Talking About Sex and Consent Doesn’t Have to Be Scary (Plus it’s Real Important) Consent: it’s not just about sex. I mean sure, sex definitely involves consent — “yes” means “yes” and “no” means “no” — but not all consent involves sex. It’s sort of like that whole “not all squares are rectangles but all rectangles are square” rule. “Ahh! Quick quick close the tab on your browser,” some of you might be thinking at the arrival of the dreaded s-e-x word. “Don’t want the parents to see and/or freak out!” Because the more we talk openly and frankly about establishing boundaries in relationships of all kinds, the better we’ll all be when it comes to the sexy stuff, which is — spoiler alert — a very important thing for teens to learn.
It’s all about an honest, empathetic understanding of yourself, your wants, and those of the person with whom you may come into physical contact. Sex and consent can be scary for adults to talk about with kids (which, we know, is totally lame, right?). How do you and your parents talk about consent and sex? These College Students Are Dishing Out the Sex Talk Nobody Else Will. Wouldn't it be nice to go back and warn your younger self about the things you wish you knew about sex? This sort of time travel could be really helpful, since many young Americans don't learn the good things and not-so-good things about of sex until it's too late. In fact 74% of us have sex by age 20, according to a study by the American Academy of Pediatrics. Yet only 22 states and the District of Columbia require comprehensive sex education — programs that still often don't include sex-related concepts extending beyond the act itself.
It's a problem that New York University student Josy Jablons is tackling in a photo campaign featuring college students sharing honest advice about sex they wish they'd known in high school, called #BetterSexTalk. "I entered college with no understanding of sexual coercion, with no ability to recognize an unsafe relationship," Jablons of Students for Sexual Respect at NYU told the Huffington Post on Tuesday. H/t ThinkProgress. Why American teenagers are having much less sex. Teens appear to be waiting longer. (Photo by Flickr user Leo Hidalgo) The sex life of the American teenager is apparently far less busy than it was in generations past.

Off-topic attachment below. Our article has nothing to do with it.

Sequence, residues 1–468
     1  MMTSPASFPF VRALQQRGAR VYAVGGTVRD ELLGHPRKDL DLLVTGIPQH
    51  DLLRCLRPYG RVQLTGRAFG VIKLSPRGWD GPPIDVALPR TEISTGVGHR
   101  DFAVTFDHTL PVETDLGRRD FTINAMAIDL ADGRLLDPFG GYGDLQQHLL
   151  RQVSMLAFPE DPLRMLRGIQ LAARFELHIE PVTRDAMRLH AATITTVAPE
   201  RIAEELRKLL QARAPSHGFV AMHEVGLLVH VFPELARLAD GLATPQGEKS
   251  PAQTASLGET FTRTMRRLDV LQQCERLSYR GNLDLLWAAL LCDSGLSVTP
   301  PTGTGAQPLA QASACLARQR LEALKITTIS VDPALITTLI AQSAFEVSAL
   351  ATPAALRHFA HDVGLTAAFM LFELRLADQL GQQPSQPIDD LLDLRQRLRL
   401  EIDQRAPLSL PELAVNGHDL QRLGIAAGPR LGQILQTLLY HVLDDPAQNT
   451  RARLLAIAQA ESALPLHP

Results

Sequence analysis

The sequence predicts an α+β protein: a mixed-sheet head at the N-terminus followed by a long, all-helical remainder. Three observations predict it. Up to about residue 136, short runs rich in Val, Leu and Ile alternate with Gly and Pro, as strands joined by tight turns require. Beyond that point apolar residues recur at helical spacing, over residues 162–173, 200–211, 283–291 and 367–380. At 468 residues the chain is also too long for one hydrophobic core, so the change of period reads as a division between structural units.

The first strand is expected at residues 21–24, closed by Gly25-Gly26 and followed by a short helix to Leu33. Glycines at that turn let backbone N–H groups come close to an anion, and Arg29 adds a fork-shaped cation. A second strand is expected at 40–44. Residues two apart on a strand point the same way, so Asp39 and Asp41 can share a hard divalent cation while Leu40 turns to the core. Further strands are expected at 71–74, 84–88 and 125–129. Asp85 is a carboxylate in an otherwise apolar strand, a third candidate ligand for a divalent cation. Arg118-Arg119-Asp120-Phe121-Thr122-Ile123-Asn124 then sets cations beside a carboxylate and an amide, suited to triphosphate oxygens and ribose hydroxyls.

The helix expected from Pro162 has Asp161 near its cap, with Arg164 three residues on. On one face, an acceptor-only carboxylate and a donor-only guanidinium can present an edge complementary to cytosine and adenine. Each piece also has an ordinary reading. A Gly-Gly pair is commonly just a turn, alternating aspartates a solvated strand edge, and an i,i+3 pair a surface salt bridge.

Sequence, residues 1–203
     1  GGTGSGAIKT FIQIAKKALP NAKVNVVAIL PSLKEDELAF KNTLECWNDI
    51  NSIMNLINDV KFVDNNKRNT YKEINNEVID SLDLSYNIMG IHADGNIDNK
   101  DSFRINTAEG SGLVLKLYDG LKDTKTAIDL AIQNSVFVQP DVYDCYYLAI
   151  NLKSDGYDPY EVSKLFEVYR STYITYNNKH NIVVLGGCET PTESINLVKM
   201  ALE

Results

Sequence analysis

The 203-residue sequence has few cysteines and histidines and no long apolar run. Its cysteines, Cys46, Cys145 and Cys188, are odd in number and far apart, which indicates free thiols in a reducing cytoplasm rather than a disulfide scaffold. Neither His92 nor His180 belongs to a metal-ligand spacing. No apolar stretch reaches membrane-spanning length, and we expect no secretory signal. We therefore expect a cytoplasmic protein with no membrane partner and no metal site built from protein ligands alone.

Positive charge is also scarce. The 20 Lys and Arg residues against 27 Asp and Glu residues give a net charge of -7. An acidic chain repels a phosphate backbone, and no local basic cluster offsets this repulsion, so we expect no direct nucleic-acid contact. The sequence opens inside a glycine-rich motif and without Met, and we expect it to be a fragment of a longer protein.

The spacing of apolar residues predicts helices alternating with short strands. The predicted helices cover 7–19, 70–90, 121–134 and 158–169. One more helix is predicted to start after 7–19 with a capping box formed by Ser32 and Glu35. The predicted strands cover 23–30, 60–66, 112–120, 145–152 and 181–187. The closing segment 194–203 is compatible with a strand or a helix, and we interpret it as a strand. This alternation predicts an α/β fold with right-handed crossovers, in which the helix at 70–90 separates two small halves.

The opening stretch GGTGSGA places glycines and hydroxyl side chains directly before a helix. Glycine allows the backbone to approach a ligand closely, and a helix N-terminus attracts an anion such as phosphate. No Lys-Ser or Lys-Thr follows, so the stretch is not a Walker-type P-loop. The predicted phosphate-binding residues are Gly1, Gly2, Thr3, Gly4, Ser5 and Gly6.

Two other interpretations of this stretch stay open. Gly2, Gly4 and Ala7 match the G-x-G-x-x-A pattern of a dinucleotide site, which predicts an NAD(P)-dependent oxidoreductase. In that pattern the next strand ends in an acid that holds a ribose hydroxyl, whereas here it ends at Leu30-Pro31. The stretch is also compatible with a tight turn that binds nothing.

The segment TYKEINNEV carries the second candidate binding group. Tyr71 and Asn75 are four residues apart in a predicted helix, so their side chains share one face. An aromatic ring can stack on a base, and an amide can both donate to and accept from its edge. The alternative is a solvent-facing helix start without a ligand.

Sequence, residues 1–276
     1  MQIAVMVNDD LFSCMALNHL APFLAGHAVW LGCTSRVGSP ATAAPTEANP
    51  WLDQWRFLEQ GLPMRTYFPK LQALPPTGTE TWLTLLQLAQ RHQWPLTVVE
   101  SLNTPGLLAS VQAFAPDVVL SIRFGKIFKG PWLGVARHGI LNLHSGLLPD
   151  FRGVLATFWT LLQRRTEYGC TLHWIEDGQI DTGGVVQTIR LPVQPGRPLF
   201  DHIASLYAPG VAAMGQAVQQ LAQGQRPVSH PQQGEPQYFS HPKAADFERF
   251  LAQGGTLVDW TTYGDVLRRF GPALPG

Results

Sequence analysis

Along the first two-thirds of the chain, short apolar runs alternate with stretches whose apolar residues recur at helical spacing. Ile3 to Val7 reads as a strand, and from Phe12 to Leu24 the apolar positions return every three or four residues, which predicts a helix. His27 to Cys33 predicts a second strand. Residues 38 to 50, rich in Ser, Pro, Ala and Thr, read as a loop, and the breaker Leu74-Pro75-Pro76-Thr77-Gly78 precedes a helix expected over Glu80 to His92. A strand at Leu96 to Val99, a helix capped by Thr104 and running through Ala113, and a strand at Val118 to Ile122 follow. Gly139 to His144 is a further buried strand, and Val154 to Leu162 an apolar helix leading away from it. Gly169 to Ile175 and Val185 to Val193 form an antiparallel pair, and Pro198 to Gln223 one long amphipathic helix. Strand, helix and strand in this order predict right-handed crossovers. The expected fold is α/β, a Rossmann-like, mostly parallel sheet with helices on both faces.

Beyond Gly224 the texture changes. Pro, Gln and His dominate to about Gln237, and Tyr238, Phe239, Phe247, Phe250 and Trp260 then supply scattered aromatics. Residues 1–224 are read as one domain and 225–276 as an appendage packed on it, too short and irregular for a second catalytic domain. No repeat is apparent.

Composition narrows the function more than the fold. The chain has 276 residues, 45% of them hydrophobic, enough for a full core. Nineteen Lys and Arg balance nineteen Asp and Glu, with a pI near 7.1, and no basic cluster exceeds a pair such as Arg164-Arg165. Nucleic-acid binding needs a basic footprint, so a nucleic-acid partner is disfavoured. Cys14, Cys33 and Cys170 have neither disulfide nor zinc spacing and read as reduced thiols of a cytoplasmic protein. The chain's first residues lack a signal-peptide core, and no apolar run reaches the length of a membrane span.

Less than half of teens older than 14 said they’ve had intercourse, a sharp drop from rates in the '80s, a new CDC study found. The majority of those who do choose to become sexually active are using some form of protection. And, in the last decade, the popularity of the so-called "morning-after pill" among girls has more than doubled. Teen births, meanwhile, have plummeted about 57 percent over the last 30 years.
Researchers surveyed roughly 2,000 boys and girls, 15 to 19. The share of teen girls who reported they've had sex at least once dropped from 51 percent in 1988 to 44 percent in 2013, they found. Crotchety adults may joke: Maybe they’re too busy messing with their iPhones. That’s actually a decent theory, said Dr. “They’re looking on the web,” Bokor said. Sex Ed Vs. Abstinence-Only Education. Here Are the Worst Myths About STIs According to the Women Who Have Them. When Jenelle Marie Davis, founder of the STD Project, learned she had herpes at 16 years old, she faced a "massive amount of peer-related shame and slut-shaming," she told Mic. Women with sexually transmitted diseases are frequently made to believe they're "'a slut, a whore, dirty' and that's really it," Davis said.
"I can't even sugarcoat that or put it any lighter, because it's really that direct and it's that overt. " Writer Ella Dawson similarly felt "flabbergasted, hurt and confused," after her herpes diagnosis, especially because she always practiced safe sex and considered herself "a sexual advocate" in her community, she told Mic. She began to internalize this stigma, feeling that it was deserved "punishment for violating some sort of moral code of the women who step out of whatever role we're expected to have. " It's a widespread experience, OB-GYN Dr. STDs are pretty common. "For most American youth, sexuality education is not great," she said. STDs aren't related to promiscuity. A Girl Gets Her Period And Is Banished To The Shed: #15Girls : Goats and Soda. Kamala in front of her menstruation shed. Jane Greenhalgh/NPR hide caption itoggle caption Jane Greenhalgh/NPR Kamala in front of her menstruation shed.
Jane Greenhalgh/NPR Kamala B.K. is tiny. She's barely 5 feet tall. As she walks past our guesthouse in the village of Tankut, we try to get her to come over and talk to us. This story is part of our #15Girls series, profiling teens around the world. Take part in our social media campaign for #15Girls here. "Because she's menstruating, she should not be entering another person's house. The nonprofit is working with girls and women in western Nepal to end a tradition called chaupadi — that's held them back for thousands of years: "When they are menstruating, no matter what, they stay outside, they eat outside and they sleep outside," Shrestha says. Outside in sheds. A menstrual shed sits among the trees in the village of Narsi in western Nepal. Itoggle caption Poulomi Basu/VII Mentor "She's scared we are going to beat her," Shrestha says.